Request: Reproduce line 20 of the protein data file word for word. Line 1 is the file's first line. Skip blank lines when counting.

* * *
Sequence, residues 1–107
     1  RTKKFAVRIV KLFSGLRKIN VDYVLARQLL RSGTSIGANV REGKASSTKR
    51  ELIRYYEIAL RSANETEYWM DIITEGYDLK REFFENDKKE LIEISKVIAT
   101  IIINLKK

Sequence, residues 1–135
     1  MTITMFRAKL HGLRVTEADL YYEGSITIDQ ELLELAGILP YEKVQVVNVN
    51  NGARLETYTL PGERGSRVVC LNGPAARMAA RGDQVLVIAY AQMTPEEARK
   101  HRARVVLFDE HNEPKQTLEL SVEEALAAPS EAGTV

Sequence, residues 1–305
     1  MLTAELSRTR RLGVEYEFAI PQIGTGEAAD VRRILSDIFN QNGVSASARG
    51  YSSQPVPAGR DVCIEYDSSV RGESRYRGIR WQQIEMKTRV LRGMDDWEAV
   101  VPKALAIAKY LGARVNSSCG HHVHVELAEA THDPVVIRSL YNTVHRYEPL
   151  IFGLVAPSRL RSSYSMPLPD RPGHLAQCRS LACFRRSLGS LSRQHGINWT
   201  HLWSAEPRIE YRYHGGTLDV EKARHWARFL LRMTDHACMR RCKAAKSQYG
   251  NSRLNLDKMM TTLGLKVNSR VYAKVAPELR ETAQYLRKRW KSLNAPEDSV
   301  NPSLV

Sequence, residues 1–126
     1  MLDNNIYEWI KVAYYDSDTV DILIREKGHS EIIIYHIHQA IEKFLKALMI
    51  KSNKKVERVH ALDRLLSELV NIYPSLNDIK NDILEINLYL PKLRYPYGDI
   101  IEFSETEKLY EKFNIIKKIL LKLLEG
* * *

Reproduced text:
   101  IEFSETEKLY EKFNIIKKIL LKLLEG